26th February 2017 - Run and Bike Cadence
I often hear people talking about what cadence they should be running at (foot landings per minute) and what cadence they should be cycling at (revolutions of one foot per minute). Here’s what I’ve found out:
There seems to be an optimum cadence range that minimises injury by reducing over striding and heel striking and this is between 180 and 200 steps per minute. This may sound a lot, but this will lead to a much more compact, quicker cadence that greatly reduces the impact of every foot strike. As an added benefit, this quicker cadence virtually eliminates the ability to heel strike and eventually (in theory) will turn you into a much more efficient flat foot/mid foot runner which can only be a good thing.
To work out your current running cadence, next time you’re out running, count how many times your right foot touches the ground over a 1 minute period and then double the number – that number is your running cadence. If you have a fancy watch such as a Garmin 920XT – it will automatically tell you. Once you know your cadence, try and increase it so that it falls within the 180-200 steps per minute range. A good training tip to help with this is to listen to some music which has a beat similar to the cadence you want to be running at - try a 10 minute run listening to 180bpm (or 90bpm) music and see what happens (you can YouTube 180bpm music).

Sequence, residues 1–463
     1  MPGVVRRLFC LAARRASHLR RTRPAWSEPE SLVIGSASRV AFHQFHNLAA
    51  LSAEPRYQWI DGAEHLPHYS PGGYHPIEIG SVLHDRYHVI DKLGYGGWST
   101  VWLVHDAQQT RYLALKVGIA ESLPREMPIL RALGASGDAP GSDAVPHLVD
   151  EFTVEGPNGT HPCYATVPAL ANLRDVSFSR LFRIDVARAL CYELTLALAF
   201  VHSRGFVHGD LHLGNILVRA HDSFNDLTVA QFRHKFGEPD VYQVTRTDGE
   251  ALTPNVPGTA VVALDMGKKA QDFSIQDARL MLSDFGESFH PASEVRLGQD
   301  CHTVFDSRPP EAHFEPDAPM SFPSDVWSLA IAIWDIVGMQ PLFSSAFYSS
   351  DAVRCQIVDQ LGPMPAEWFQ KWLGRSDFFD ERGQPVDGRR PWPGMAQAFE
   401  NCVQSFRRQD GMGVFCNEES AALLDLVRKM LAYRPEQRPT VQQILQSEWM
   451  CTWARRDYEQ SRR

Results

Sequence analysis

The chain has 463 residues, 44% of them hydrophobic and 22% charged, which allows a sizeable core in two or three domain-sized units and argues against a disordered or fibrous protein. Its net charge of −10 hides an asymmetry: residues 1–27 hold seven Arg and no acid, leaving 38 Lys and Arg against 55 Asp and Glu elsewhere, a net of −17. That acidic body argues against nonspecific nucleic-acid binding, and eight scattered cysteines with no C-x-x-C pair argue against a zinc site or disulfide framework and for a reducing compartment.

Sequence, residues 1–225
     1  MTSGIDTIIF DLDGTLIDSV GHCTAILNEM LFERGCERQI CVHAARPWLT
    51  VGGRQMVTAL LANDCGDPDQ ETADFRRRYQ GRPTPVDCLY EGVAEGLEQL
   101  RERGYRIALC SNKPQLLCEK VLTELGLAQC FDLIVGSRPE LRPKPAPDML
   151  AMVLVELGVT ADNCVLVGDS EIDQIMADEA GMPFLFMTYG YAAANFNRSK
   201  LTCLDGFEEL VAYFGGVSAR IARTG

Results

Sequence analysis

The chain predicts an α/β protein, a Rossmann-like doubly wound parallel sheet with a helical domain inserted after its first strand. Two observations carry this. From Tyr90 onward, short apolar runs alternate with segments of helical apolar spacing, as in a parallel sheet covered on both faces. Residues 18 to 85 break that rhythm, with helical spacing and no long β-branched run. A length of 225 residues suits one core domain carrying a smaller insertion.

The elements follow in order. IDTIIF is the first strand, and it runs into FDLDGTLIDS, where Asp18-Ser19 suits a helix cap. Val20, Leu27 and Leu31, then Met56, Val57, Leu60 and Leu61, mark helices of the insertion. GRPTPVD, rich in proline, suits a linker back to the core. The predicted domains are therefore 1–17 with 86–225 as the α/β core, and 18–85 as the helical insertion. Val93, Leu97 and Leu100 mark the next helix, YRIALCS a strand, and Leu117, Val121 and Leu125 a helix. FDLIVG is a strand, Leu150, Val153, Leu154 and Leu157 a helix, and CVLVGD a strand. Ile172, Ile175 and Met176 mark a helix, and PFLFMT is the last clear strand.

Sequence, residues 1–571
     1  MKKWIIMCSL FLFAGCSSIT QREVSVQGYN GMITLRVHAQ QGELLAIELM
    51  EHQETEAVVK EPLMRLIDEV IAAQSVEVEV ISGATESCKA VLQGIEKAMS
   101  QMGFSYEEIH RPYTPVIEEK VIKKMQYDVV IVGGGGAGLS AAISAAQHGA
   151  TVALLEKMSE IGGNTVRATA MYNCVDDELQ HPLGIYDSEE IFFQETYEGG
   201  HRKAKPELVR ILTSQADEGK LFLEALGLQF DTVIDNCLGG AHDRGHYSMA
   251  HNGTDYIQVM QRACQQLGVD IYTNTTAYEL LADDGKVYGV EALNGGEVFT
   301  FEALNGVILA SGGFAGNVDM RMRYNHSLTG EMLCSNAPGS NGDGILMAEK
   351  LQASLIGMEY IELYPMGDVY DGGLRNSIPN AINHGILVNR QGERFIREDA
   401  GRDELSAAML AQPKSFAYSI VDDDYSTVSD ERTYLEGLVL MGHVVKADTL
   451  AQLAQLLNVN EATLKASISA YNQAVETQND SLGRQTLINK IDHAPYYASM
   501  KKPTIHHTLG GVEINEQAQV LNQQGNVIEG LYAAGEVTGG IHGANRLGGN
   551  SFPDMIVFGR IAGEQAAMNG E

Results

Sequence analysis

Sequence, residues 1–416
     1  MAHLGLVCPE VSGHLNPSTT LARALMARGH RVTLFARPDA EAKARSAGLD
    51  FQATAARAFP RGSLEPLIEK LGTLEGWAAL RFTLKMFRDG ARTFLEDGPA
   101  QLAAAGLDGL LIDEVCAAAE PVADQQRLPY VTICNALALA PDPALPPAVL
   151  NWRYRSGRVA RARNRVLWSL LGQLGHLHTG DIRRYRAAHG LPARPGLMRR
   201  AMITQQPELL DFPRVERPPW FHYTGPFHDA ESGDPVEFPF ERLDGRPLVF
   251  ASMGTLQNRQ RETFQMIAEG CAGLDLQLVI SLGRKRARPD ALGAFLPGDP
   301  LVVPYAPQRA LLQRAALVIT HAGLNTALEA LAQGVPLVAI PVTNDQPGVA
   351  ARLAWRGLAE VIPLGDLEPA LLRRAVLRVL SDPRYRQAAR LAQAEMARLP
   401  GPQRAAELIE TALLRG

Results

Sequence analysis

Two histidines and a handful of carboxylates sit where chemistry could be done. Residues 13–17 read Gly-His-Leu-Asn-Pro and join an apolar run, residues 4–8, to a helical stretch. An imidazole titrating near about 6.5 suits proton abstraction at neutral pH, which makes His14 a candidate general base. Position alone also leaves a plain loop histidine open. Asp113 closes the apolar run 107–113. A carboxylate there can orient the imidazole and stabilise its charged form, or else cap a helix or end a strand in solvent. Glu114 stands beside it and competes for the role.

I’ve heard a lot of conversations about grinding (pedalling with a low cadence in a hard gear) and spinning (pedalling with a high cadence in an easy gear) and from my experience, it doesn’t matter. Our individual physiology is so different and I’ve seen people win races who’ve grinded the whole way and others who’ve won races by spinning the whole way. I had the 6th fastest bike split at the hilly Rossendale Triathlon last year with an average cadence of 69.
There are circumstances when it’s good to be able to pedal at high/low cadences though such as overtaking someone in a race, or coming around a corner in a hard gear and then having to push hard out of the corner to get back up to speed. Therefore, don’t omit some fast spinning in an easy gear and some slow grinding in a hard gear from your training - just don’t get too hung up on cadence numbers.
The only time anyone should be pedalling to a specific cadence is when they’re doing specific tests so that the tests can be replicated again and again and the results compared.